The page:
When Google broke up the band, Google Reader was setup to fail. By stripping the social function, it just became an inferior version of the plethora of news apps that essentially did the same thing but provided a prettier experience. So there really is no reason to be surprised by the announcement that Google Reader is being shut down.
I do understand that we, by nature, are resistant to change. Fortunately, when it comes to art and science, there’s always a new generation influenced by the greats of the past. This might be the end of Google Reader, but it’s just the beginning for better solutions to the problems of information overload and news personalization.
We go to one another for news and information, and it’s our discussion about those topics that has allowed us to advance our thoughts and opinions about some of the most pressing, and sometimes not-so-pressing issues. At Thirst, we believe that in order to truly filter this endless stream of content down to what’s meaningful to you, your network will play a vital role by bringing light to subjects that otherwise would be ignored or forgotten.
That’s why we’ve bridged the gap between how we get our news and where we engage with it.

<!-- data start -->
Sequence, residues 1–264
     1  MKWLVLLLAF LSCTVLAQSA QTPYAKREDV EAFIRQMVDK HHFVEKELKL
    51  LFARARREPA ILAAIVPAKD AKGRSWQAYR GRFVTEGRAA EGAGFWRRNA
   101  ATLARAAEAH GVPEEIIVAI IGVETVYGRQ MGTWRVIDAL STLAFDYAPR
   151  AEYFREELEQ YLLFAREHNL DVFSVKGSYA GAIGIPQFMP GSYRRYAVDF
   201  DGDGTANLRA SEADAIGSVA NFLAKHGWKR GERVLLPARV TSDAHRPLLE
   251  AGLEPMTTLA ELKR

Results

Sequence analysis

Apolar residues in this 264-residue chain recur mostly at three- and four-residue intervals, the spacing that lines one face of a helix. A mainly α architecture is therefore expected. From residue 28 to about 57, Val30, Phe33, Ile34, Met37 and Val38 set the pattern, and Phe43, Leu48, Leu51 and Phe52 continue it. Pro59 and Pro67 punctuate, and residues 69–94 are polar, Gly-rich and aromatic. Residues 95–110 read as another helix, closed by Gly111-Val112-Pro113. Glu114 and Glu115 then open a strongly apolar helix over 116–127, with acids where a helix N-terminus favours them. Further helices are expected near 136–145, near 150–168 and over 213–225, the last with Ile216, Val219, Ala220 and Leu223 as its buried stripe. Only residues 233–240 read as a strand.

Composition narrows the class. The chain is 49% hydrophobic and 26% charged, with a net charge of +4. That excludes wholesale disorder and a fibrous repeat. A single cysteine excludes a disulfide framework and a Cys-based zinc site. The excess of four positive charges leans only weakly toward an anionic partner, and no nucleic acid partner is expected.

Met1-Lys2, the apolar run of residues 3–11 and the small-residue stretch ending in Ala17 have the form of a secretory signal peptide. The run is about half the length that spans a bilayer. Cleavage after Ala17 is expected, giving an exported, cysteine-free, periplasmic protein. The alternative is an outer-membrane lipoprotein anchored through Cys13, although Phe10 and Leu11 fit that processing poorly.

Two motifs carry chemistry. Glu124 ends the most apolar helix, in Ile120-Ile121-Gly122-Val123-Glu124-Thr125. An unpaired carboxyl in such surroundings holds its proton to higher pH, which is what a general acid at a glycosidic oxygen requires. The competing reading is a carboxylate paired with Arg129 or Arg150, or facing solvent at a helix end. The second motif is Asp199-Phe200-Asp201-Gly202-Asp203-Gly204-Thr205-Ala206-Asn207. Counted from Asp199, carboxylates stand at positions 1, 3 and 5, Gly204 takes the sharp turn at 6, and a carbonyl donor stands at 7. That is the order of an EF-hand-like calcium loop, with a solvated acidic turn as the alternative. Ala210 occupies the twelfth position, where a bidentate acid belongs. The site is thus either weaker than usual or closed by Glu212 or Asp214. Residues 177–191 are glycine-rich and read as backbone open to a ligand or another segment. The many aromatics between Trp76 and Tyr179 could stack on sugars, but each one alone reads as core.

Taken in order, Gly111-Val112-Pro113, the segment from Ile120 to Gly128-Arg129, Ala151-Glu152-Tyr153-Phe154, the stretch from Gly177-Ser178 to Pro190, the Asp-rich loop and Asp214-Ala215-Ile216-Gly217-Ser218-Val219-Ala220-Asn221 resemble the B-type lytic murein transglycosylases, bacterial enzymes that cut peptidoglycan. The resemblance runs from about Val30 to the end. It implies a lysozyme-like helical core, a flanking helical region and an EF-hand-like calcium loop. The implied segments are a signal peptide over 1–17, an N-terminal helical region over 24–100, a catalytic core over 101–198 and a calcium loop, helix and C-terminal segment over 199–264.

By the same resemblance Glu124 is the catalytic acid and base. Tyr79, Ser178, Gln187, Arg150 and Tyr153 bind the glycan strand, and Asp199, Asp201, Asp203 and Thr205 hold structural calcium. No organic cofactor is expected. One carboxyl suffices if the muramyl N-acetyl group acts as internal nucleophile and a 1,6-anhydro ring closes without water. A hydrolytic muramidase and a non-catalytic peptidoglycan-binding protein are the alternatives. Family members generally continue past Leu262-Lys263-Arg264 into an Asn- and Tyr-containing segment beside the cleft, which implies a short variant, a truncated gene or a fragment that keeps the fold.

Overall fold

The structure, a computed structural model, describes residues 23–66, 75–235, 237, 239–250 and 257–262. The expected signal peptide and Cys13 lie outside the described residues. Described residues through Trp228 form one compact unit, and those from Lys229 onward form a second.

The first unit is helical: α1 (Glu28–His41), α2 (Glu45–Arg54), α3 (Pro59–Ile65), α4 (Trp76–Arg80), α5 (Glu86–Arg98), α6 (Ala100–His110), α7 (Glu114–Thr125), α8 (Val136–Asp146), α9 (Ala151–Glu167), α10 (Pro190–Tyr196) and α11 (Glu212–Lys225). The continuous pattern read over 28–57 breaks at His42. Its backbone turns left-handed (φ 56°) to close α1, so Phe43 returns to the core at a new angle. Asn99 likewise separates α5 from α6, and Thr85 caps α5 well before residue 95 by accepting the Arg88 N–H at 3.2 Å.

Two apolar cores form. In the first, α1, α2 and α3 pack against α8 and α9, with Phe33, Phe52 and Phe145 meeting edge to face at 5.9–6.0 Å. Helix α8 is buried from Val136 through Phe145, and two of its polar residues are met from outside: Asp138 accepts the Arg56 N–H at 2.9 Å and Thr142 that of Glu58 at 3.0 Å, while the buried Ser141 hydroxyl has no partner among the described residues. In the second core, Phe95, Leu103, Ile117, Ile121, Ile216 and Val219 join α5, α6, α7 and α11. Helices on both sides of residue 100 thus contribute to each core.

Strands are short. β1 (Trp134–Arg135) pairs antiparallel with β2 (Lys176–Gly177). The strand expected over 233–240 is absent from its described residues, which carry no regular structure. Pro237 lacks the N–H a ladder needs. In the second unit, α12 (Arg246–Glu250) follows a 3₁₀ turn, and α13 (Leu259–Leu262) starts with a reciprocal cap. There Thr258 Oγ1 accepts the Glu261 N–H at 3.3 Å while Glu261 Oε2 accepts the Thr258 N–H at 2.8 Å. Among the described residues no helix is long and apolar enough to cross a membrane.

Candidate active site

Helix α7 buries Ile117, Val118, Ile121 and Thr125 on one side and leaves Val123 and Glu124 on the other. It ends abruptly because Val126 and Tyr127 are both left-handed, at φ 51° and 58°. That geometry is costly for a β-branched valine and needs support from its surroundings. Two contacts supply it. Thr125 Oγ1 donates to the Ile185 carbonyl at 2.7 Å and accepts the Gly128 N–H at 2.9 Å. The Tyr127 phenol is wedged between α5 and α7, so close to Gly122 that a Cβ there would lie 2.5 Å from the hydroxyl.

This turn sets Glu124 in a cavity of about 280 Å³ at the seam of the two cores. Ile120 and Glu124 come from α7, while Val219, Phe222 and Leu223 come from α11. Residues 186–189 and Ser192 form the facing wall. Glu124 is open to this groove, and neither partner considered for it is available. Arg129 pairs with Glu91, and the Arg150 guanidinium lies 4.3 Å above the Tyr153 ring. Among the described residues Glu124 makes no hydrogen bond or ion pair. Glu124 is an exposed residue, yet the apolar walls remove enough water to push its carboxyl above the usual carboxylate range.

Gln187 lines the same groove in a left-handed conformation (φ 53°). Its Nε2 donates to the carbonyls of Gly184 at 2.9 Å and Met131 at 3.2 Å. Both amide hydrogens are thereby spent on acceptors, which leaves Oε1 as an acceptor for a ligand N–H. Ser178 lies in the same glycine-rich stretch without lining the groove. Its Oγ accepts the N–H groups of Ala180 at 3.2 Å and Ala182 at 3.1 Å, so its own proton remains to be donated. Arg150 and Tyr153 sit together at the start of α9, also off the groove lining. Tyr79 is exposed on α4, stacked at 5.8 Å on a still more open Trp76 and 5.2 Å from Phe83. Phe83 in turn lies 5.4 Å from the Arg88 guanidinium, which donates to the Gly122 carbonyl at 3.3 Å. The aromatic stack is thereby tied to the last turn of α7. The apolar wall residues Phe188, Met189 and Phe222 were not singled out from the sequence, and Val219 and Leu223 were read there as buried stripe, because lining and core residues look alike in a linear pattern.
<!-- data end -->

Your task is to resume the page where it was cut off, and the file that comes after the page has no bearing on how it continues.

It’s sad to see the old band drift off into the sunset; but there’s still that hot, new artist with that catchy song that you’ve had on repeat for like forever, to be excited about.
South by Southwest Data Visualizations!
What you’re looking at are the most talked about topics at South by Southwest. The movement of the images correspond with the popularity of each topic at a given time, which you can find along with the date at the top right. Pause to get a snapshot of the results, or fast forward to see what makes it to the top of the list and what falls out. There’s also a progress bar at the bottom so that you can keep track of where you are and jump around to a specific time.
It’s and fun and easy way to see what’s generating buzz at all of the events at SXSW. So even if you’re not in Austin, you won’t feel like you missed out :)
The Thirst Cafe Project
Be sure to head over to Muddy Waters Coffee House on 16th & Valencia in the Mission and grab yourself a cup of your favorite brew (we like their cafe au lait) as you catch up on the news using Thirst!